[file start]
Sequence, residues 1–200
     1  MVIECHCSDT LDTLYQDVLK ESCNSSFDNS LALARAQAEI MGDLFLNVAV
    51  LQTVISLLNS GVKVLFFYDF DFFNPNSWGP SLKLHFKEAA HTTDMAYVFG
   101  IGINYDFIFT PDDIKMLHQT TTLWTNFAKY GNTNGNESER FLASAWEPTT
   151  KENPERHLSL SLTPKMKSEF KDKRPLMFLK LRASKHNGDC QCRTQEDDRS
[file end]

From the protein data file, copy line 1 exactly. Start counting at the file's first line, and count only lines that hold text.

Sequence, residues 1–200